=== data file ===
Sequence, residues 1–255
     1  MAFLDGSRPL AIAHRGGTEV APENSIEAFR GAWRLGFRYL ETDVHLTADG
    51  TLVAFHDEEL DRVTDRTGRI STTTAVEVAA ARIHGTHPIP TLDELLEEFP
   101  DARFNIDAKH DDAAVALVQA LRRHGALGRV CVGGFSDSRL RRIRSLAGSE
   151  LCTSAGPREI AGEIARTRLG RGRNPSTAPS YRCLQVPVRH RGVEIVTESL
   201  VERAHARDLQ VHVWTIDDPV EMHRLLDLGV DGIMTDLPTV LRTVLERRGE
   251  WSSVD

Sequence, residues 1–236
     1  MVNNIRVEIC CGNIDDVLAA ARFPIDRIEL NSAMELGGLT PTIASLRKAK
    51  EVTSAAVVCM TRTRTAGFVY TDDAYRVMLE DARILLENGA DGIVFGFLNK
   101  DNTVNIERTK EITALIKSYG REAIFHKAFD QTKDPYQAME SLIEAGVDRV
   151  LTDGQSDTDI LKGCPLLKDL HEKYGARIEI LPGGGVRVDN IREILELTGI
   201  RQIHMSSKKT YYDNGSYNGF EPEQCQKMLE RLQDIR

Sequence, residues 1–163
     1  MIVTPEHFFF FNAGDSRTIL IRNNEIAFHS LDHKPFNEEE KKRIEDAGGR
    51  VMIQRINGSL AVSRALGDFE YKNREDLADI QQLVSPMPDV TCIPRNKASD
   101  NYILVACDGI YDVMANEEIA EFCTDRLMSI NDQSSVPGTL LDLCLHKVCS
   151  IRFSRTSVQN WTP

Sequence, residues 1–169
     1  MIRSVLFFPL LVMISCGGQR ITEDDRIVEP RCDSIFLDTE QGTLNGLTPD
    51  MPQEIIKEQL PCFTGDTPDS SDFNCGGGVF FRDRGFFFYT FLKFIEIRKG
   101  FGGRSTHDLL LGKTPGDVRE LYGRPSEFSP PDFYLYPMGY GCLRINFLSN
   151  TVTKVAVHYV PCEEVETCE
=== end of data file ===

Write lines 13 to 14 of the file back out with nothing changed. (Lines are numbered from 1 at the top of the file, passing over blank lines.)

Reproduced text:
   201  RQIHMSSKKT YYDNGSYNGF EPEQCQKMLE RLQDIR

Sequence, residues 1–163